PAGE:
Muslims & Hindus after partition
The peaceful life of residents of Sialkot and their Hindu-Mus¬lim unity was disturbed by the announcement of Partition by Mountbatten. The Muslims started celebrating the creation of Pakistan with drum-beating and firecrackers. When they passed nearby the two buildings of Bibi Amar Vati the owner of the house where Lala kanshi Ram and other tenants were lived, they threw some stones which broke the window panes of the houses.
The efficient police officers could keep peace. But soon the Muslims started looting shops even Lala Kanshi Ram’s shop was looted. Then the Mus¬lims started burning one Hindu ‘mohalla’ every night. Meanwhile, a train came from Amritsar which was full of murdered and wounded Muslims. This excited the Muslims who killed and wounded the Hindus in Trunk Bazaar. Soon the Hindus were forced to leave for the Refugee Camp. The scene of the leaving of the tenant families and of the family of Bibi Amar Vati is really very emotional. The scene symbolizes thousands of such scenes. 15 million refugees poured across the borders to regions completely foreign to them, for though they were Hindu or Muslim, their identity had been embedded in the regions where their ancestors were from.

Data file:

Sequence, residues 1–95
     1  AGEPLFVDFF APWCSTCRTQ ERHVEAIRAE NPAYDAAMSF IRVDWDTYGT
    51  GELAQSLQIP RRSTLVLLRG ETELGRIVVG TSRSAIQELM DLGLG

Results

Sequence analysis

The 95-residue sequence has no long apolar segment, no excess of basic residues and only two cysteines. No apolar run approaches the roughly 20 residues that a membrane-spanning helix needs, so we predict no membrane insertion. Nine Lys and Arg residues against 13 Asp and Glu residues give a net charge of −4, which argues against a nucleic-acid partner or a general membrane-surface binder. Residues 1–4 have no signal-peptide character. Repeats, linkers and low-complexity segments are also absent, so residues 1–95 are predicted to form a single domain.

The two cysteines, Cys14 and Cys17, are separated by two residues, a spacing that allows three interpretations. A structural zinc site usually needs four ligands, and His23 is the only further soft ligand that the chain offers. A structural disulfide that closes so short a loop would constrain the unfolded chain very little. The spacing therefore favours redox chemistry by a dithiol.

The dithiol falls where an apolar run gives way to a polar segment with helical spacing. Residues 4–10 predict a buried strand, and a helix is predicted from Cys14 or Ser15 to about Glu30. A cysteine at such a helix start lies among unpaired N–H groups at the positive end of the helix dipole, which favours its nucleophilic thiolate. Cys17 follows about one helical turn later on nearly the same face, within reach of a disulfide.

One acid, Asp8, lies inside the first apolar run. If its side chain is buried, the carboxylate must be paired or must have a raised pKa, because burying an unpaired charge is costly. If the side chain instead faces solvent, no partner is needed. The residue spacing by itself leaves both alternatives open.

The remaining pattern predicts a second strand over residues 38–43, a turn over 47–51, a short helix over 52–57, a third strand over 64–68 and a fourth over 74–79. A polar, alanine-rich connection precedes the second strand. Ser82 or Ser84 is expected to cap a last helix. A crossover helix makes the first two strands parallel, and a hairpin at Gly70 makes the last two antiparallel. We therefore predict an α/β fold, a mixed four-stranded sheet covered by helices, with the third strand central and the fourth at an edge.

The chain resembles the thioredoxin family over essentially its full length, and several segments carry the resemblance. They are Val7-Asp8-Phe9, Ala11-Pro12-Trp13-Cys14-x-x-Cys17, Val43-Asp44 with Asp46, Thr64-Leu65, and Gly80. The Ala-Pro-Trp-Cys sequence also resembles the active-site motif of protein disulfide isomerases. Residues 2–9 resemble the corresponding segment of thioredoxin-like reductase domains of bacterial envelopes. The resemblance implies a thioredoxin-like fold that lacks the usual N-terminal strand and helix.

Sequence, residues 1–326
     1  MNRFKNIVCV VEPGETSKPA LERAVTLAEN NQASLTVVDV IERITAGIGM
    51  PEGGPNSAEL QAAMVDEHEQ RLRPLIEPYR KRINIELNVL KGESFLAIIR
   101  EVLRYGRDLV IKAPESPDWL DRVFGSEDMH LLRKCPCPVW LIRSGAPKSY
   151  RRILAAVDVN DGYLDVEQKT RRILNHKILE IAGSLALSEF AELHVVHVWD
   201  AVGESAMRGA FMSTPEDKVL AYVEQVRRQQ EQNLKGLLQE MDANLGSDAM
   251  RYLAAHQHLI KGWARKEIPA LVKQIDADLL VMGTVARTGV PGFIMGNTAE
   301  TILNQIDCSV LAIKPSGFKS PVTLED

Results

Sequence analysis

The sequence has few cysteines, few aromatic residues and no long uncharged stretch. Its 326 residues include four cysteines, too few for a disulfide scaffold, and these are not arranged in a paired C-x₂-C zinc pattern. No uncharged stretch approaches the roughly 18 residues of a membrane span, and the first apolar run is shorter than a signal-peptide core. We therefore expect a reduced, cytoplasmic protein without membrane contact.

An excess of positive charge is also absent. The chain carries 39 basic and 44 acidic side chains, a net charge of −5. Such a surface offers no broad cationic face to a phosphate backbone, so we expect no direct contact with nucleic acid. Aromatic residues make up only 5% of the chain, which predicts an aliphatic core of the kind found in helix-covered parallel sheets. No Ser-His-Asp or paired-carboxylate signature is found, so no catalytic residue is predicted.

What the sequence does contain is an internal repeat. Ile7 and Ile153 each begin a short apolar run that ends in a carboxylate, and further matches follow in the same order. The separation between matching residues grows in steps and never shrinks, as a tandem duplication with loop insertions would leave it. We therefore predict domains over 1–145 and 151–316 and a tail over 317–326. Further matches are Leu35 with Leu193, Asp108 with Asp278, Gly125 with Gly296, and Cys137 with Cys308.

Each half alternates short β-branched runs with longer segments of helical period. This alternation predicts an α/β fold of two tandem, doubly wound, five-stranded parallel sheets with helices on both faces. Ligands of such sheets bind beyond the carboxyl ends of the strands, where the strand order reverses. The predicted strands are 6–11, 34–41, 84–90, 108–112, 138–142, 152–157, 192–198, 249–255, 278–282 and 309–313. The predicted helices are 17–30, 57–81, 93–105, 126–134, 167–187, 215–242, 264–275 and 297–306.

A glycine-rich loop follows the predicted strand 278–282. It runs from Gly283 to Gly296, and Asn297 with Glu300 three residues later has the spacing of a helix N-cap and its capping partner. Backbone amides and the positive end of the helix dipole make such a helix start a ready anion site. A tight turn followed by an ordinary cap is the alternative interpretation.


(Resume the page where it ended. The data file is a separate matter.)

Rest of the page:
Many years after the partition, the two nations are still trying to heal the wounds left behind by this incision to once-whole body of India. Many are still in search of an identity and a history left behind beyond an impenetrable boundary. The two countries started off with ruined economies and lands and without an established, experienced system of government. They lost many of their most dynamic leaders, such as Gandhi, Jinnah and Allama Iqbal. India and Pakistan have been to war twice since the partition and they are still deadlocked over the issue of possession of Kashmir. The same issues of boundaries and divisions, Hindu and Muslim majorities and differences, still persist in Kashmir.